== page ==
One of the recurring issues in patent enforcement is the following. Suppose that P makes and sells products embodying its patented invention X. D makes and sells products that infringe the patent. P sues D and requests a judgment for lost profits on the sales it lost to D. D responds with evidence that there is a nonpatented noninfringing alternative to X--call it Y--that D could have made and sold instead of X, and that consumers would have considered Y to be a perfect substitute for X. Is X entitled to lost profits nonetheless, on the theory that regardless of what would have happened in the "but for" world--the world in which D used the noninfringing alternative--in the real world X lost sales, and hence profits, as a result of having to compete with X's infringing products? Or should X recover no lost profits because in that but-for world it would have lost just as many sales and just as much profit as it did in the real world? (To think of it another way, if the economic value of a technology is its value in comparison with alternatives, and if Y is a perfect substitute for X, then X has no economic value over the nonpatented alternative, and P should recover nothing.) As I explain in my book, different patent systems answer these questions in different ways. The general rule in the U.S., dating all the way back to the nineteenth century, is that under the circumstances described above the patent owner should recover no lost profits (see pp. 111-12). On the other hand, a nineteenth century decision from the U.K., United Horse-Shoe & Nail Co. v. John Stewart & Co. (1888) L.R. 13 App. Case 401 (H.L.), takes precisely the opposite view, and courts within the U.K.--as well as some in Canada and Australia--have followed United Horse Shoe ever since (see pp. 187-91). Also lining up with the U.K. on this issue are, possibly, Germany and Japan (see pp. 263-64, 314), while the French cases appear more consistent with the U.S. rule (see p. 265). And of course there can be numerous variations of the above hypothetical: for example, maybe Y is an imperfect substitute that would have appealed to some but not all of D's clientele; maybe Y itself was a patented alternative, which complicates matters; maybe D would have sold just as many products using Y but would have done so at higher cost, in which case even under the U.S./French rule it seems that P should be entitled to a nonnegligible reasonable royalty; and so on. My own view, as expressed in my book, on this blog, and elsewhere, is that from an economic standpoint the rule followed in the U.S. and France is correct, and that United Horse-Shoe was wrongly decided.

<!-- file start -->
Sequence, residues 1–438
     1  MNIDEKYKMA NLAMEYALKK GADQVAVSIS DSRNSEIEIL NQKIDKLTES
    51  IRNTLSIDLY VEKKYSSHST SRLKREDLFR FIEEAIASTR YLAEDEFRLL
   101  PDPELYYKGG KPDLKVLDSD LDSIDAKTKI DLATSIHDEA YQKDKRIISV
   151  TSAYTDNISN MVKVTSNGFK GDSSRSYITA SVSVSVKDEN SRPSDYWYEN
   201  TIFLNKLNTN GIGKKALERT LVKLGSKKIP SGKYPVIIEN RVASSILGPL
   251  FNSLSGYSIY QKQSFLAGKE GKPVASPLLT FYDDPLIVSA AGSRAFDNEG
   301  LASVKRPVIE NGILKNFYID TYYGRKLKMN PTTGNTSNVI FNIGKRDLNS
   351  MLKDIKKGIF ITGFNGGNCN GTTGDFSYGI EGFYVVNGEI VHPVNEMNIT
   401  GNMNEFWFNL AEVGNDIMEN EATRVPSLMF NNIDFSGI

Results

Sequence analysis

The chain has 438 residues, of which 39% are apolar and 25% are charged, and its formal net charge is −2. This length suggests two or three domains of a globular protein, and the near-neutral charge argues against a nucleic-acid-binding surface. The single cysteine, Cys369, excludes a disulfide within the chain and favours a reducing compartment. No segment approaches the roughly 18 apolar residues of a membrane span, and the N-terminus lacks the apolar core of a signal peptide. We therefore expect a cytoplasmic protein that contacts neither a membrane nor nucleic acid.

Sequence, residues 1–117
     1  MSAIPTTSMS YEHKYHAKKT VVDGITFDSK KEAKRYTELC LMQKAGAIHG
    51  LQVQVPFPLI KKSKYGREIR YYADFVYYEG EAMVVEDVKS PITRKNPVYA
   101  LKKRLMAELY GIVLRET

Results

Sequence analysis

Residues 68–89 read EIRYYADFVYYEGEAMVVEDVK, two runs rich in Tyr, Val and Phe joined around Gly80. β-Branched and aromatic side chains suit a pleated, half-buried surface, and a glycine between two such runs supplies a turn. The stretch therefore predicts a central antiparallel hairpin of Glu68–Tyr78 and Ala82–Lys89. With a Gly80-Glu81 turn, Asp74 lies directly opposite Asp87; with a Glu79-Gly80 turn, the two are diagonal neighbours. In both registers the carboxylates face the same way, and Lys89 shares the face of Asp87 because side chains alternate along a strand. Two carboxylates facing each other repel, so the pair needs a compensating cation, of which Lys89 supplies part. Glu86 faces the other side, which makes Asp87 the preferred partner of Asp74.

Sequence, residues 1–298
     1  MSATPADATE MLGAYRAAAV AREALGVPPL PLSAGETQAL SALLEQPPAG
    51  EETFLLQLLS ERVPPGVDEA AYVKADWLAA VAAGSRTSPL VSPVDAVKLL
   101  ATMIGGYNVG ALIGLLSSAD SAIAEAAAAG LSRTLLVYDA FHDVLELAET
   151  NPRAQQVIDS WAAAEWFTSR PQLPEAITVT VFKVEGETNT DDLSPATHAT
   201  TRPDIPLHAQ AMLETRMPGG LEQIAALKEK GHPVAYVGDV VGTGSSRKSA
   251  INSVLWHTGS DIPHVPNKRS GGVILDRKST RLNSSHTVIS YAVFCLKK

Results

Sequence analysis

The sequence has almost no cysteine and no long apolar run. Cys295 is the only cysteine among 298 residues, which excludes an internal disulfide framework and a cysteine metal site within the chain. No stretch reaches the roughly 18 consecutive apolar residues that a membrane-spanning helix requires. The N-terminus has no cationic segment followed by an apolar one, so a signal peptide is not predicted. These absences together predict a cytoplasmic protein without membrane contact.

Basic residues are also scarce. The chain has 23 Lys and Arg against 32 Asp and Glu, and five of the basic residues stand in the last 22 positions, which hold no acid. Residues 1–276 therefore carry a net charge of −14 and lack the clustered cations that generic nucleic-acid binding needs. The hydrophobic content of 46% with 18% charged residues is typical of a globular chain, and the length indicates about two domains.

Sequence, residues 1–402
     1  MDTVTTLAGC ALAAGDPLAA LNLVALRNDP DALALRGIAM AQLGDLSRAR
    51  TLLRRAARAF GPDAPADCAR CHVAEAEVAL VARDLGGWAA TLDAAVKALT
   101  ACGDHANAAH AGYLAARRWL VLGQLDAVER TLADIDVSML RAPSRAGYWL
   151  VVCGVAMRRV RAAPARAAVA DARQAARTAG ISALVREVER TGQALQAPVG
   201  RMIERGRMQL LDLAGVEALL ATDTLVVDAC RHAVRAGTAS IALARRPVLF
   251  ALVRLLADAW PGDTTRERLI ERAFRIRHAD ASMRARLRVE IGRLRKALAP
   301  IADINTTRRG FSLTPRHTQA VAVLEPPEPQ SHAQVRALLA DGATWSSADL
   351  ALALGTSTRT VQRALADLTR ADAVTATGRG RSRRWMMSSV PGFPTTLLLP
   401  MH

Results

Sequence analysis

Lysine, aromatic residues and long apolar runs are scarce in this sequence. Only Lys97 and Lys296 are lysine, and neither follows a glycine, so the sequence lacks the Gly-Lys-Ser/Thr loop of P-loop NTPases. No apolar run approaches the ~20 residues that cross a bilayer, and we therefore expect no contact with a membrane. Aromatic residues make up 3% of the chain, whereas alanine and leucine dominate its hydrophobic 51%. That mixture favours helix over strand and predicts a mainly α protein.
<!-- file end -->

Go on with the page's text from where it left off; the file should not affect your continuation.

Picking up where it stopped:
Anyway, Professor Norman Siebrasse recently called my attention to a Canadian trial court decision, Eli Lilly & Co. v. Apotex Inc., 2014 FC 1254 (Jan. 23, 2015), that lines up with United Horse-Shoe on this issue. (It doesn't appear to be up yet on the Federal Court's website, but here is a link to my copy of the decision.) Professor Siebrasse will be posting a more detailed discussion of the case on his Sufficient Description Blog in the near future--a different write-up by Jennifer Wilkie and Adam Heckman has already appeared on the Gowlings firm's website here--and I needn't repeat here the arguments I've made in the past in support of my view. I would note two things, however. First, Apotex cited one of my blog posts in support of its position that the court should take noninfringing alternatives into account, and the court in turn cited that post in paragraphs 25 and 54-56. So while the court rejected my view, this marks (to my knowledge) the first time the blog has been cited in a judicial decision. (Not sure if I should be happy or sad, though!) Second, if I'm reading the opinion correctly, after rejecting the argument that noninfringing alternatives which the defendant didn't but could have used are relevant for purposes of calculating lost profits, the court goes on to award Lilly lost profits covering a subsequent period of time in which Apotex was using a purported noninfringing alternative, on the ground that but for the initial infringement Apotex wouldn't have been in the market at that point at all. This seems to me to be a sort of springboard damages theory, but (with respect) I'm inclined to think it only compounds the error of ignoring noninfringing alternatives to award lost profits during a period of time in which the defendant was in reality--not just hypothetically--using the noninfringing alternative.
I wonder if an appeal will be taken, and if so what the Court of Appeals' take on this issue will be?